In psychology there’s what’s known as the five stages of grief. They are the agreed upon steps that anyone who has experienced loss walks through.
It begins with denial, then isolation, moves to anger and then depression, then bargaining and eventually acceptance. We are a culture of do-er’s and checklist makers and accomplishers, which means it only makes sense that when we look at these stages of grief, we think we make our way through the steps, one by one and then, we are done.
But anyone who has walked through grief will tell you it isn’t a straight line. It isn’t something with a finish to aim for, or a box to check. It isn’t a tunnel we go through only to emerge and never enter it again. Grief, like all of life, is a series of steps forward and backwards, of cycling around and around and around again. Sometimes you have accepted it, and others you are back to bargaining. There are good days and hard days, hopeful days and deeply dark days.
About a week ago now, I wrote a sort of poem (included below) about the seven stages of our new reality amid self-quarantining, social distancing, and a world-wide health pandemic. Looking back on what I wrote, it seems like maybe our “coming to terms” with the current state of things is a lot like the stages of grief. That maybe on some days we feel motivated and other days we go back to feeling scared. On some days we feel at peace, and on others we cycle back around to being sad.
Now, about two weeks into this new normal and I understand this experience too, like grief, is not linear.
Which is okay.
Instead of being hard on myself for returning to a sort of sadness over things lost and changed, or being confident that this feeling of grounded-ness will stick around because I had a “good” day, I am learning to name what today feels like, and know it isn’t final. None of it is. And that’s okay too.
Maybe you will find yourself in the descriptions below. Or maybe the name of your stages looks different. Whatever the case, my hope is, in the coming days or weeks or however long this takes, we become more aware of who we are, where we are, of naming our experiences, and believing that the experience of good is possible however strange this time may be.
On the first day, there were runs on grocery stores and a clearing of shelves and an absence of milk and meat and a fear that we might not have enough. There was an undercurrent of panic. And a shift to a new normal that jolted us out of complacency.
There was evening and there was morning. The first day.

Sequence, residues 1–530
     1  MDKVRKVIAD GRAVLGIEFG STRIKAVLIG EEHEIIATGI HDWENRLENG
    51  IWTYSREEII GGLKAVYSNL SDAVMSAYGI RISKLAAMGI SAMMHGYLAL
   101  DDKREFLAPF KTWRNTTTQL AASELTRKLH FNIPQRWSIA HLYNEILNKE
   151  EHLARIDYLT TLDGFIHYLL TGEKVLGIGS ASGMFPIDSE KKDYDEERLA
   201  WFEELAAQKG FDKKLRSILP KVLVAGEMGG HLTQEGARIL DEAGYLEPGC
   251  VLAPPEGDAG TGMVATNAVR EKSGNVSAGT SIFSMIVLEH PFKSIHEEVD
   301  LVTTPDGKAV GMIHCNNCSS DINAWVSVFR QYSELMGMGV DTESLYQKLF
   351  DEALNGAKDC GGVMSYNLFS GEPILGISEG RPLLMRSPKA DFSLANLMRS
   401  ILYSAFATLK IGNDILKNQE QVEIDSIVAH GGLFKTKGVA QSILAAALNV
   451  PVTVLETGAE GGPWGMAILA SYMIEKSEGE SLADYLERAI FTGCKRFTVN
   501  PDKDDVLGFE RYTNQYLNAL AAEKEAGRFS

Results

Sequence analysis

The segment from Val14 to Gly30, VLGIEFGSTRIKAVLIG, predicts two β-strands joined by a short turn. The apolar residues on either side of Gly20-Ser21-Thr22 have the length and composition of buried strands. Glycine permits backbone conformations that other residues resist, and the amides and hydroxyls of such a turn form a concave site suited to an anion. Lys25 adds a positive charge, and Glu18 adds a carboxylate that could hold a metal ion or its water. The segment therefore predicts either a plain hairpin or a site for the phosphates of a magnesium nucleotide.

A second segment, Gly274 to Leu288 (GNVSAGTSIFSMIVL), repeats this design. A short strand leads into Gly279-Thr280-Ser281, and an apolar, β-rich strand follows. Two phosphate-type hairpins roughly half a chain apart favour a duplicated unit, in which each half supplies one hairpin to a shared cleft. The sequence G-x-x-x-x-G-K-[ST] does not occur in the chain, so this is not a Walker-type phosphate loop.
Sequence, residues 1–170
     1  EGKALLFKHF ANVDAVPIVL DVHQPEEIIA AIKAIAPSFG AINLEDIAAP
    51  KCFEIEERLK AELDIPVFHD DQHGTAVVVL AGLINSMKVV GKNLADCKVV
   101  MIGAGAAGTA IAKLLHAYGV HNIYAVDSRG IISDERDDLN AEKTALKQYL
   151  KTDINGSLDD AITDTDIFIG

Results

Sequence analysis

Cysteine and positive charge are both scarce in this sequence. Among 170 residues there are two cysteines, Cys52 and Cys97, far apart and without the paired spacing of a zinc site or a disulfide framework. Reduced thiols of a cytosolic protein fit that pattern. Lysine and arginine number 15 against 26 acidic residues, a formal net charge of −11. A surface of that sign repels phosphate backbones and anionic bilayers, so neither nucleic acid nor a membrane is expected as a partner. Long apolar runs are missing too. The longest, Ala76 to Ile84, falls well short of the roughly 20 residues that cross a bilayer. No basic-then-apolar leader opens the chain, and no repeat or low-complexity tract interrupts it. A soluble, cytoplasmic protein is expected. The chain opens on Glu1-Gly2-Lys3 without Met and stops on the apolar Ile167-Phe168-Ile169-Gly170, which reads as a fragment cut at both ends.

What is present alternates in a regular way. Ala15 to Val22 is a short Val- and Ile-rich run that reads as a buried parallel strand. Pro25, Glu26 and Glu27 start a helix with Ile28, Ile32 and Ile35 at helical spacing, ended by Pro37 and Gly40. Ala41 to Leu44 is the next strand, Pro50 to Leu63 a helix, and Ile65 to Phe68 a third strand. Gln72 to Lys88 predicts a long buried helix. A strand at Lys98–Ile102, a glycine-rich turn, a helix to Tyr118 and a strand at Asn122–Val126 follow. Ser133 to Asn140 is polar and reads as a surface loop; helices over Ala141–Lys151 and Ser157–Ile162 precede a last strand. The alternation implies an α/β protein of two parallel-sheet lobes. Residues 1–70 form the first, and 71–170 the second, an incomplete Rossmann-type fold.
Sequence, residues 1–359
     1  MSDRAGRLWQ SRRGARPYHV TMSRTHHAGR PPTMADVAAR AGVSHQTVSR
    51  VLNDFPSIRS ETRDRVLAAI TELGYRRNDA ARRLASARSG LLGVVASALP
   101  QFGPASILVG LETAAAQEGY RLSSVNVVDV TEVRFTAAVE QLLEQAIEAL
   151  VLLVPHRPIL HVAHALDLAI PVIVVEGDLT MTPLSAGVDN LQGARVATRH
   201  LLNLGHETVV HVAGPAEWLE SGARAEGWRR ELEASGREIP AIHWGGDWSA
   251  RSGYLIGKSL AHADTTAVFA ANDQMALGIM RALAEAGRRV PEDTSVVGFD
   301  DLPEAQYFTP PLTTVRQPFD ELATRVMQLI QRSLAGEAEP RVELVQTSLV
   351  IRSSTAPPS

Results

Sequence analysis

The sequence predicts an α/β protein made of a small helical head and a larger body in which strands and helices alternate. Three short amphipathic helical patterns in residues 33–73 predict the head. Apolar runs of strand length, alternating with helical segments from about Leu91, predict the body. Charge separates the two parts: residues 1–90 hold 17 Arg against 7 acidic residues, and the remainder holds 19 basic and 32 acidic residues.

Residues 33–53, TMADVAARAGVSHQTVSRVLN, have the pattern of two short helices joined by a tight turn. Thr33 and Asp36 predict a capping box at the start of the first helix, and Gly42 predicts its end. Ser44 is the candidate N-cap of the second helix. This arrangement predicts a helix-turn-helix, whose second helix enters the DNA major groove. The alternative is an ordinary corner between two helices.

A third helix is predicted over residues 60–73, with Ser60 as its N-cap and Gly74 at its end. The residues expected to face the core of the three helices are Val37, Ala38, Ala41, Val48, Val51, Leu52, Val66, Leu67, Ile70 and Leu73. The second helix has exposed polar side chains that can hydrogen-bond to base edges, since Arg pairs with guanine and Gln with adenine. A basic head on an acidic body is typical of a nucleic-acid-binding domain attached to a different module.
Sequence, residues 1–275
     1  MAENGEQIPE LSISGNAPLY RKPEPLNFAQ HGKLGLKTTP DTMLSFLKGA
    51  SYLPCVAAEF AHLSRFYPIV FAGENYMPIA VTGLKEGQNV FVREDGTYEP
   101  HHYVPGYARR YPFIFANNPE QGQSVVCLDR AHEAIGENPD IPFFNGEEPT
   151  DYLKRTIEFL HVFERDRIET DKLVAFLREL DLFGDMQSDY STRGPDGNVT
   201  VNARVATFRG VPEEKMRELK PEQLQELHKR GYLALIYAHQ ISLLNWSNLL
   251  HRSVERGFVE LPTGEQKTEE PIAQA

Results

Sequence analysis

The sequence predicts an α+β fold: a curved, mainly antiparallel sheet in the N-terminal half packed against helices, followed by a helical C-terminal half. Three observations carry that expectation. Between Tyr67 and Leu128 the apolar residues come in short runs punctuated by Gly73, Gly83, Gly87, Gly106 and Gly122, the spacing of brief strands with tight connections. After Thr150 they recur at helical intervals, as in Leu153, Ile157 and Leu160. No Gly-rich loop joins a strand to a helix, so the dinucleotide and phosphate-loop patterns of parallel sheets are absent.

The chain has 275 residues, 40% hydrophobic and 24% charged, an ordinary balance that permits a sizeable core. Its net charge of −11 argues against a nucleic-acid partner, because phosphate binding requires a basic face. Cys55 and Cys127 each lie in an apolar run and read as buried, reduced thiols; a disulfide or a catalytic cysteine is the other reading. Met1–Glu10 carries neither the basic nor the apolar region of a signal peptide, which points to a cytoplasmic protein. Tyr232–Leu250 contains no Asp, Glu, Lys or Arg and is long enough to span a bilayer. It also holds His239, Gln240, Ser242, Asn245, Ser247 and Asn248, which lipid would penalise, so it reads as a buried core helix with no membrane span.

And it was scary.
On the second day there was worry. What if? What might happen? How will we be when this is over? Will it be over? There were endless questions and few answers. There was a clamoring for stability. A knot in our collective gut. An undoing of life as we knew it.
There was evening and there was morning. The second day.
And it was troubling.
On the third day there was grief. Plans upended. Concerts and weddings and parties postponed. Vacations scrapped. Expectations of a foreseeable future playing out like we imagined, dashed. Hope for what we thought life would be back before this was a reality, appearing foolish, naïve, distant.
There was evening and there was morning. The third day.
And it was sad.
On the fourth day there was boredom. An excess of time and a lengthening of days and nowhere to go, and no one we could see, and a sense that the walls were closing in. The space we lived in felt small. The restlessness palpable. The time endless. What day was it? What would make today any different from the day before?
There was evening and there was morning. The fourth day.
And it was maddening.
On the fifth day there was action. All the could have’s and would have’s and should have’s became can be. Hobbies created, skills honed, books read, imaginations unbound, opportunities made and taken. Wonder and possibility and a new kind of “what if?” What might we become? What might we discover?
There was evening and there was morning. The fifth day.
And it was productive.
On the sixth day there was camaraderie. Worry for self, became worry for others. How can we help? The most vulnerable and the most bored. The worried and the lonely. The elderly in nursing homes and the parents of young kids. We are in this together, though distanced from one another. Connected, though apart. Unified, though isolated.
There was evening and there was morning. The sixth day.
And it was empowering.
On the seventh day, finally, there was rest.
Not forced. Not fought. Not resisted. Invited. Space to be. Time to be. Nothing to do but, be.
Alone with ourselves. At first scared. Then curious. Then, at ease. There we are.
There was evening and there was morning. The seventh day.
And it was good.